Strategic weakness of China
Countering China at choke points
Choke points in the Indian Ocean

Their only strategic weakness is 70% of their imported oil. Hence, the only guarantee of Chinese non-aggression and good behavior is a well-crafted threat to their oil tankers and a complete naval mastery of the escalation that will follow.

Strategy to counter China

Leveraging QUAD & Indian naval and Airforce capabilities: India can start by dividing the Indo-Pacific, including the South China seas and the Eastern Indian Ocean, into areas of maritime search responsibility between the QUAD. All nations operate on a common reporting communication net, centered either in Port Blair or Visakhapatnam.

The QUAD aircraft can gain information dominance over the Indo-Pacific to monitor all PLAN (People’s Liberation Army Navy) movements in Malacca Straits. This dominance can be used during the confrontation, to funnel PLAN units through the geographically constrained straits (like the Strait of Malacca, see the map above) into a killing ground. However, for this strategy to work, some changes are required:

  1. Turn Car Nicobar into an airbase: Hence, it would be really beneficial to build up the Car Nicobar airfield into a full-fledged airbase and permanently station a squadron of suitable aircraft.
  2. Collaborating with Oman: India can negotiate with Oman for the use of the old RAF airbase at Masirah to dominate the Gulf of Hormuz and threaten the Chinese base at Djibouti.

As it is evident, countering China with this strategy requires co-operation b/w QUAD members and is more reliant on India’s naval & Airforce power instead of being military-dominant.

Why Navy & Airforce should be given bigger roles?
  • Unfavorable geography: Relying on maritime and Airforce power offers a better alternative to militarily reinforcing the unfavorable geography of the Sino-Indian border in the Himalayas.
  • Expensive manpower: In the future, manpower is going to get increasingly expensive. At present, our strategic options are constrained because the army gets 61% of the defence budget and 81% of it goes into manpower and maintenance.
  • Better conventional deterrence: We can achieve better conventional deterrence against China by giving bigger roles to the navy and air force and downsizing the army by 2,00,000 men over five years through retirement and reduced recruitment.
    • The reduction in manpower will save approximately Rs 30,000 crore, which can be utilized equally by the three services.
Way forward

Countering China cannot be done by throwing expensive manpower at the problem. It is only possible by shifting the battlespace to advantageous geography, by a united navy and air force effort, while a technically advanced army holds the Himalayan border.

Editorial 03 :- China-led South Asian Initiative

Synopsis: China-led South Asian initiative feels like yet another attempt by China to create a parallel bloc in South Asia to counter India.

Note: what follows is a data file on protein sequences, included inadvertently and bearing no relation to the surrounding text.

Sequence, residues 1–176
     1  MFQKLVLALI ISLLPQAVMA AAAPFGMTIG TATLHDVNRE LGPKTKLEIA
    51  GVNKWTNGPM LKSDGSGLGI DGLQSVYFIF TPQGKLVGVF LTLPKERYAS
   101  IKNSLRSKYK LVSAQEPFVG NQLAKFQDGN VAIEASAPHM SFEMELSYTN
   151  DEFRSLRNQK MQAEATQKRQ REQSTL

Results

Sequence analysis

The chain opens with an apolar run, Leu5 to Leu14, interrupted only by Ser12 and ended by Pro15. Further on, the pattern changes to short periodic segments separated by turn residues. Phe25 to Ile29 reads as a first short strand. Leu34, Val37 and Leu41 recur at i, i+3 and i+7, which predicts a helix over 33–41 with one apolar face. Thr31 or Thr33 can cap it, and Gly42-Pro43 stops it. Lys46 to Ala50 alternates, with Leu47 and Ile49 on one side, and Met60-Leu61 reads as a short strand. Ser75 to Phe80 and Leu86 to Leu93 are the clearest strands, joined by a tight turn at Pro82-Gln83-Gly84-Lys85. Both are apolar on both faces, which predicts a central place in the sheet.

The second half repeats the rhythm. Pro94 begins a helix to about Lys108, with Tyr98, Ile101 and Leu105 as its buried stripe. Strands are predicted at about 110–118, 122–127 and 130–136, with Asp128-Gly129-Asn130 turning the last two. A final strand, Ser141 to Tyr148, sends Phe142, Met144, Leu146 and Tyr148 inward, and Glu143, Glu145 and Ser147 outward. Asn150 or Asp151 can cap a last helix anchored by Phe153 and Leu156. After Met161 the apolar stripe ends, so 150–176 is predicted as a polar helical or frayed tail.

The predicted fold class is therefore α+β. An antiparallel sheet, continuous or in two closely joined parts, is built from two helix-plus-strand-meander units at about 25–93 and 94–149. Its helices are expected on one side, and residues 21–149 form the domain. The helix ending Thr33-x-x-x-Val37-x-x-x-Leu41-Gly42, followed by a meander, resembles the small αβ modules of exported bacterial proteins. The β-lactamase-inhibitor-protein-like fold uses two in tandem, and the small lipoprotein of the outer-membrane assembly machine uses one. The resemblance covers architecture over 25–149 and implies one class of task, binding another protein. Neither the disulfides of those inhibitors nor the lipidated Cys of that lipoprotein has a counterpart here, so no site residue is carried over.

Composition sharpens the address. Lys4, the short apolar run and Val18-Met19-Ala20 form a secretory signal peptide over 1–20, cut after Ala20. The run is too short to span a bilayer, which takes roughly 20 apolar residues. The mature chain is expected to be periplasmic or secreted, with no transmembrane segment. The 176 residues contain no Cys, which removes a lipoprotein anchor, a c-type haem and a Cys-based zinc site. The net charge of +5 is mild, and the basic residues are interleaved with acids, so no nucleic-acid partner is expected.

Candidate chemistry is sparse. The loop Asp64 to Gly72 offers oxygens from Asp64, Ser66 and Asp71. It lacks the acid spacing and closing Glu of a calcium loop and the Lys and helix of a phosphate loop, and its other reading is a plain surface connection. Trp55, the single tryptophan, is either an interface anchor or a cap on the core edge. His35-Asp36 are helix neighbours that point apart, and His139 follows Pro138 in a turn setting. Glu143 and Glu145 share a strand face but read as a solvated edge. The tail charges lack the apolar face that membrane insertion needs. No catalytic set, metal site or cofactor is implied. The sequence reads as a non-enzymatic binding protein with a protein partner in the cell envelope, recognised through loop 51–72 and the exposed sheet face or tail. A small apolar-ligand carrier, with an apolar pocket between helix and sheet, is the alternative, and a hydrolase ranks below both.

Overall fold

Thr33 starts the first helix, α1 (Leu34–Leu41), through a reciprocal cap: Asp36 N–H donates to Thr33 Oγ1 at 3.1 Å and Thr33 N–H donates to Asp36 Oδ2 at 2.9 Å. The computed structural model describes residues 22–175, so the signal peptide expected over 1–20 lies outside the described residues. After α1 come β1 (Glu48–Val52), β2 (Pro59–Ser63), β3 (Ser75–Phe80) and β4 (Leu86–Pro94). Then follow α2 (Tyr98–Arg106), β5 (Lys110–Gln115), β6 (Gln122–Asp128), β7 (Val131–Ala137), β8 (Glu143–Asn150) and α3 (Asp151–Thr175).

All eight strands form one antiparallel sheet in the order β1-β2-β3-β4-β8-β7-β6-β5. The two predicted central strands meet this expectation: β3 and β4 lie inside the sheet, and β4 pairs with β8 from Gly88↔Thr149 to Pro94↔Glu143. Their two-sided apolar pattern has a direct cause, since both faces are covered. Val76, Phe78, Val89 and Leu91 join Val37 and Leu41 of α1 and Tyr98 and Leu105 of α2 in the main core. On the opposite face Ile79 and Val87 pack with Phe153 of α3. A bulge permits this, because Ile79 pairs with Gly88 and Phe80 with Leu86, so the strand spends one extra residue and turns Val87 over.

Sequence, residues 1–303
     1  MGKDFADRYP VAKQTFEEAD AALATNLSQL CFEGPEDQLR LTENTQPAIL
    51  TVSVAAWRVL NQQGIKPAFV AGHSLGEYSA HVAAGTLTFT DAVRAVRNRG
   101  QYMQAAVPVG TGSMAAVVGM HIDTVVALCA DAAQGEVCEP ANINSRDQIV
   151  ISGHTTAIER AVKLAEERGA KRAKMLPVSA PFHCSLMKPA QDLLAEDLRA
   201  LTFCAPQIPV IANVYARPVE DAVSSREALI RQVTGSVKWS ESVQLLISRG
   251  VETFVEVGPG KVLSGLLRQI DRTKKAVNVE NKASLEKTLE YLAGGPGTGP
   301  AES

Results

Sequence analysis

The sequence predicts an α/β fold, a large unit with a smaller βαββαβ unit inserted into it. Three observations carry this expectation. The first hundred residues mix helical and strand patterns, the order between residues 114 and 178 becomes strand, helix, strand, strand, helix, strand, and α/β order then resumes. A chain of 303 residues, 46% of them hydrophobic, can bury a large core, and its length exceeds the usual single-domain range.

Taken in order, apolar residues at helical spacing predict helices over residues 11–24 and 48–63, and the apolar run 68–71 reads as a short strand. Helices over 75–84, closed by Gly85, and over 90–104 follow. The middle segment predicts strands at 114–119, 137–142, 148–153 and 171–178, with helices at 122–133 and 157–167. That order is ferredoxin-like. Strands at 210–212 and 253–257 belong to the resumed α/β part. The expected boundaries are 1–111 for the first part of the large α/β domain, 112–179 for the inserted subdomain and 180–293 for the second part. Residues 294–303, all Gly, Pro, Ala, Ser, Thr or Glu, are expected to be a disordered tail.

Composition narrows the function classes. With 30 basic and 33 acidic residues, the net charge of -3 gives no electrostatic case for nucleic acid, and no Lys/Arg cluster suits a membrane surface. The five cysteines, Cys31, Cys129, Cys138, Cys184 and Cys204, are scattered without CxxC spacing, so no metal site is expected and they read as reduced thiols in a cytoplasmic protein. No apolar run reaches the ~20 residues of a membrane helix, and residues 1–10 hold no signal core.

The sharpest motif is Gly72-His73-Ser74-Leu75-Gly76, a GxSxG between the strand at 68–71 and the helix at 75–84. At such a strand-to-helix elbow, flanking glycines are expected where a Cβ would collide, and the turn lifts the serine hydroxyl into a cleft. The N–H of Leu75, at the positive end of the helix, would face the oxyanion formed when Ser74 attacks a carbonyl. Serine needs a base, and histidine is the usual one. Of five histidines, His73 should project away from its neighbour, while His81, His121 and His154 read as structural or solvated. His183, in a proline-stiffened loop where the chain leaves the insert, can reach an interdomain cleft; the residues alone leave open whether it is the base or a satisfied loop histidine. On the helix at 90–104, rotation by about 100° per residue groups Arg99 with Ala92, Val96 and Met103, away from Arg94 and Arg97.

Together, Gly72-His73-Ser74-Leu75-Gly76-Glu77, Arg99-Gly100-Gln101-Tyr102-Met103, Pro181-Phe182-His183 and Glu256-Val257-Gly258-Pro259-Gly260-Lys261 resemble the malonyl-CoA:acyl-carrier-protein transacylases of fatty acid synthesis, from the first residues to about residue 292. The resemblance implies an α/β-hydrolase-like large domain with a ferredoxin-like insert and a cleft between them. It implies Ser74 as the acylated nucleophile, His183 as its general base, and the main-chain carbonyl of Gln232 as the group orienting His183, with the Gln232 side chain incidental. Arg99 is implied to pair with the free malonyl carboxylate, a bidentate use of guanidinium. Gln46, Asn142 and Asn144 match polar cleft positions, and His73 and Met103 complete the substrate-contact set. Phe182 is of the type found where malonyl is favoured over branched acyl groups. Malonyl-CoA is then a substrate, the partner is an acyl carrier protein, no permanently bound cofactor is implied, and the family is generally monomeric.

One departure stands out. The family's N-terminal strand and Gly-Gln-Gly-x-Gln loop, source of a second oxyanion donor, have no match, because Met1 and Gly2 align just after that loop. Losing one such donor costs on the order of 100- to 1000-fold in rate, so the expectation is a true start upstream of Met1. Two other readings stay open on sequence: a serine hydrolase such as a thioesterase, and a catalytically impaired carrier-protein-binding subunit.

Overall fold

Bangladesh has said that India too can join the China-led South Asian initiative for COVID-19 vaccines and poverty alleviation if it desires. It denied that a six-nation grouping launched recently was meant to exclude India.

  • The Chinese initiative comes also at a time when India has been reluctant to revive SAARC, turning its focus more on yet another regional bloc–BIMSTEC.
About China-led South Asian initiative

The initiative includes China-South Asian Countries Emergency Supplies Reserve, and a Poverty Alleviation and Cooperative Development Centre. They were set up in China on July 8.

  • Member countries: China, Afghanistan, Bangladesh, Nepal, Pakistan, Sri Lanka
  • India, Bhutan, and the Maldives are the only SAARC countries not a part of the China-led initiative.
  • The Emergency Supplies Reserve is a joint stockpile of emergency supplies as part of efforts to tackle the covid-19 pandemic and other crises.
  • The Poverty Alleviation and Cooperative Development Center aims to pool strength, integrate resources, and exchange wisdom to support and help the South Asian countries’ economic development and livelihood improvement, jointly promoting the cause of poverty reduction.
  • A new regional bloc in Asia: This might be an attempt by the Chinese to counter India and carve a totally new regional bloc in Asia minus India. If poverty alleviation in South Asia is its major objective, then why is India left out? After all, it has the highest number of poor people, equal to those in the Sub-Saharan region. Also, only those South Asian nations which are part of the China-led Belt and Road Initiative are its members. Sooner, Maldives will also join the initiative as it has also signed up under BRI.
  • Counter to SAARC: China is targeting South Asia and wants to counter SAARC, so it is now connecting with South Asian nations in the name of different initiatives. SAARC is coping with several problems within the region and is mostly distracted by the long-standing rivalry between India and Pakistan. After Nepal hosted its 18th summit in 2014, the 19th summit, which was scheduled to be held in 2016 in Pakistan, is still in limbo.
  • Counter to QUAD: The China-led bloc could be Beijing’s plan to create what some call a northern Himalayan QUAD aimed at countering the Washington-led Quad, of which India is an active member.
India’s stand

Given continuing tensions over Chinese army aggression in Ladakh and New Delhi’s firm stand that other bilateral relations cannot move ahead without a resolution of the boundary stand-off, it is unlikely that India would consider a new grouping involving China, especially one that could be seen to dilute its role in the SAARC region.